Antibiotic resistance

Many porins are targets for host immune cells, resulting in signaling pathways that lead to bacterial degradation. Therapeutic treatments, like vaccinations and antibiotics, are used to supplement this immune response. Specific antibiotics have been designed to travel through porins in order to inhibit cellular processes. However, due to selective pressure, bacteria can develop resistance through mutations in the porin gene. The mutations may lead to a loss of porins, resulting in the antibiotics having a lower permeability or being completely excluded from transport. These changes have contributed to the global emergence of antibiotic resistance, and an increase in mortality rates from infections.


Discovery

The discovery of porins has been attributed to Hiroshi Nikaido, nicknamed "the porinologist."


Classification

According to TCDB, there are five evolutionarily independent Protein superfamily, superfamilies of porins. Porin superfamily I includes 47 families of porins with a range of numbers of Transmembrane protein, trans-membrane β-strands (β-TMS). These include the GBP, SP and RPP porin families. While PSF I includes 47 families, PSF II-V each contain only 2 families. While PSF I derives members from gram-negative bacteria primarily one family of eukaryotic mitochondrial porins, PSF II and V porins are derived from Actinobacteria. PSF III and V are derived from eukaryotic organelle.


Porin Superfamily I

1.B.1 - The General bacterial porin family
1.B.2 - The Chlamydial Porin (CP) Family
1.B.3 - The Maltoporin, Sugar porin (SP) Family
1.B.4 - The ''Brucella-Rhizobium porin'' (BRP) Family
1.B.5 - The ''Pseudomonas'' OprP Porin (POP) Family
1.B.6 - OmpA-like transmembrane domain, OmpA-OmpF porin (OOP) family
1.B.7 ''Rhodobacter'' PorCa porin (RPP) family
1.B.8 Voltage-dependent anion channel, Mitochondrial and plastid porin (MPP) family
1.B.9 FadL outer membrane protein transport family, FadL outer membrane protein (FadL) family
1.B.10 Nucleoside-specific porin, Nucleoside-specific channel-forming outer membrane porin (Tsx) family
1.B.11 Outer membrane fimbrial usher porin (FUP) family
1.B.12 Autotransporter domain, Autotransporter-1 (AT-1) family
1.B.13 Alginate export porin (AEP) family
1.B.14 Outer Membrane Receptor, Outer membrane receptor (OMR) family
1.B.15 Raffinose porin (RafY) family
1.B.16 Short chain amide and urea porin (SAP) family
1.B.17 Outer membrane efflux proteins, Outer membrane factor (OMF) family
1.B.18 Outer membrane polysaccharide transporter, Outer membrane auxiliary (OMA) protein family
1.B.19 Glucose-selective OprB porin (OprB) family
1.B.20 Two-partner secretion (TPS) family
1.B.21 Outer membrane protein G, OmpG porin (OmpG) family
1.B.22 Outer bacterial membrane secretin (secretin) family
1.B.23 Cyanobacterial porin (CBP) family
1.B.24 Mycobacterial porin
1.B.25 Outer membrane porin D, Outer membrane porin (Opr) family
1.B.26 Cyclodextrin porin (CDP) family
1.B.31 ''Campylobacter jejuni'' major outer membrane porin (MomP) family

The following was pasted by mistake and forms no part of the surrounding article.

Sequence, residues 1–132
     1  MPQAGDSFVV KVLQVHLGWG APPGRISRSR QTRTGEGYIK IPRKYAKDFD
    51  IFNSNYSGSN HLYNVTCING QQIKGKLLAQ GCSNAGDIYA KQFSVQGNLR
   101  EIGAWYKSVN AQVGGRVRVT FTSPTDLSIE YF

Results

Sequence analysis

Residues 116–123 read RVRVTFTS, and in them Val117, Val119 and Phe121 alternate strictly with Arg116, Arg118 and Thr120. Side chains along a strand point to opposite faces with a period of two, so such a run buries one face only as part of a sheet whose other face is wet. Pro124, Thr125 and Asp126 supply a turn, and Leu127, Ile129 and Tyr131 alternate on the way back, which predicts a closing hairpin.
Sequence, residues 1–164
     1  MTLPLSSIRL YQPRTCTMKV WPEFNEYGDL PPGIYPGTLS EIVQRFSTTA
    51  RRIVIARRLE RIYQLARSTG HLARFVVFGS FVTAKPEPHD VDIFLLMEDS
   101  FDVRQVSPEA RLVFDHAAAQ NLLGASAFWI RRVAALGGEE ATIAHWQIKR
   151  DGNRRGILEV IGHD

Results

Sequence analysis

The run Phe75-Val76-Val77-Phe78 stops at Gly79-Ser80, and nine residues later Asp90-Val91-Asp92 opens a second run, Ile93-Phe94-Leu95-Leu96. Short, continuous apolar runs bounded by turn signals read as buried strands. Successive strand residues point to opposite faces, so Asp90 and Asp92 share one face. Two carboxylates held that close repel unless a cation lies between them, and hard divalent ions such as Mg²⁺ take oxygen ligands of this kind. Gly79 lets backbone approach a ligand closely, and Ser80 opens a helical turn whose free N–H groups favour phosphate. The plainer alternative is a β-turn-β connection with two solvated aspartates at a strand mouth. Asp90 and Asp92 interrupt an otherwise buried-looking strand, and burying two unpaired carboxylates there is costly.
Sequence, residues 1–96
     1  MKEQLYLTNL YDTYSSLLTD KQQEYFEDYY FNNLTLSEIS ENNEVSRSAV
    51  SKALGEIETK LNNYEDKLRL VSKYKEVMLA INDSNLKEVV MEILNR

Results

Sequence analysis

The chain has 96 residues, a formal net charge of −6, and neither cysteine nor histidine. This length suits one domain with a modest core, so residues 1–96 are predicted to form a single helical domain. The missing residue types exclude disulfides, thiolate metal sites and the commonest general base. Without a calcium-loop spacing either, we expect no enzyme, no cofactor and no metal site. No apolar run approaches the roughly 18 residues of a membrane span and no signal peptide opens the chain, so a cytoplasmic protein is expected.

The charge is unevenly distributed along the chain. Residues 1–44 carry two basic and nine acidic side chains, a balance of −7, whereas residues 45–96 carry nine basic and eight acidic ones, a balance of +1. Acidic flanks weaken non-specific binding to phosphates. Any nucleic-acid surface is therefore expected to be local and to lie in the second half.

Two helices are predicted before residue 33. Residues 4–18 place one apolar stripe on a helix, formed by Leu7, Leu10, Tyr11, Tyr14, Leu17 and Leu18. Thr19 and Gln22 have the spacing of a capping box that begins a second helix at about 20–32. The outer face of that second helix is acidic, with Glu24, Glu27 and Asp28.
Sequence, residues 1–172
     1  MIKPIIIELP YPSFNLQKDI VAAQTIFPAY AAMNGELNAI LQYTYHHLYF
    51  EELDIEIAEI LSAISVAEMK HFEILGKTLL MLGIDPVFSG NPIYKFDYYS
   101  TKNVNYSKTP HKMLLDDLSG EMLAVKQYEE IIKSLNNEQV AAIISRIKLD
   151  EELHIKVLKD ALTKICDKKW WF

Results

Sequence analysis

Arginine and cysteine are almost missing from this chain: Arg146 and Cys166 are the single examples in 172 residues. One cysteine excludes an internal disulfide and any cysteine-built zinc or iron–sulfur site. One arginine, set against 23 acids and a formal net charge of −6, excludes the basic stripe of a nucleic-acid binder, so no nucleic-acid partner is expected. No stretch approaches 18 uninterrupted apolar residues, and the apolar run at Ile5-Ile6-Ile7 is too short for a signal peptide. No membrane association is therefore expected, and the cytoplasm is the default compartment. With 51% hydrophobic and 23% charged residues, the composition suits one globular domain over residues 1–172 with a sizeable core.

1.B.32 Fusobacterial outer membrane porin (FomP) family
1.B.33 Outer membrane protein insertion porin (Bam complex) (OmpIP) family
1.B.34 Corynebacterial porin B, Corynebacterial porins
1.B.35 Oligogalacturonate-specific porin, Oligogalacturonate-specific porin (KdgM) family
1.B.39 Outer membrane protein W family, Bacterial porin, OmpW (OmpW) family
1.B.42 - The Outer Membrane Lipopolysaccharide Export Porin (LPS-EP) Family
1.B.43 - The ''Coxiella'' Porin P1 (CPP1) Family
1.B.44 - The Probable Protein Translocating ''Porphyromonas gingivalis'' Porin (PorT) Family
1.B.49 - The ''Anaplasma'' P44 (A-P44) Porin Family
1.B.54 - Intimin/Invasin (Int/Inv) or Autotransporter domain, Autotransporter-3 family
1.B.55 - The Poly Acetyl Glucosamine Porin (PgaA) Family
1.B.57 - The Legionella Major-Outer Membrane Protein (LM-OMP) Family
1.B.60 - The Omp50 Porin (Omp50 Porin) Family
1.B.61 - The Delta-Proteobacterial Porin (Delta-Porin) Family
1.B.62 - The Putative Bacterial Porin (PBP) Family
1.B.66 - The Putative Beta-Barrel Porin-2 (BBP2) Family
1.B.67 - The Putative Beta Barrel Porin-4 (BBP4) Family
1.B.68 - The Putative Beta Barrel Porin-5 (BBP5) Superfamily
1.B.70 - The Outer Membrane Channel (OMC) Family
1.B.71 - The Proteobacterial/Verrucomicrobial Porin (PVP) Family
1.B.72 - The Protochlamydial Outer Membrane Porin (PomS/T) Family
1.B.73 - The Capsule Biogenesis/Assembly (CBA) Family
1.B.78 - The DUF3374 Electron Transport-associated Porin (ETPorin) Family


Porin Superfamily II (MspA Superfamily)

1.B.24 - Mycobacterial porin
1.B.58 - Nocardial Hetero-oligomeric Cell Wall Channel (NfpA/B) Family


Porin Superfamily III

1.B.28 - The Plastid Outer Envelope Porin of 24 kDa (OEP24) Family
1.B.47 - The Plastid Outer Envelope Porin of 37 kDa (OEP37) Family


Porin Superfamily IV (Tim17/OEP16/PxMPL (TOP) Superfamily)

This superfamily includes protein that comprise pores in multicomponent protein translocases as follows: 3.A.8 - [Tim17 (P39515) Tim22 (Q12328) Tim23 (P32897)]; 1.B.69 - [PXMP4 (Q9Y6I8) PMP24 (A2R8R0)]; 3.D.9 - [NDH 21.3 kDa component (P25710)] 1.B.30 - The Plastid Outer Envelope Porin of 16 kDa (OEP16) Family
1.B.69 - The Peroxysomal Membrane Porin 4 (PxMP4) Family
3.A.8 - The Translocase of the outer membrane, Mitochondrial Protein Translocase (MPT) Family


Porin Superfamily V (Corynebacterial PorA/PorH Superfamily)

1.B.34 - The Corynebacterial Porin A (PorA) Family 1.B.59 - The Outer Membrane Porin, PorH (PorH) Family


See also

*Voltage-dependent anion channel *Aquaporin


References


External links


Overview
at University of Hamburg * - OmpG porin * - Trimeric porins * - Sugar porins {{DEFAULTSORT:Porin (Protein) Transmembrane proteins Outer membrane proteins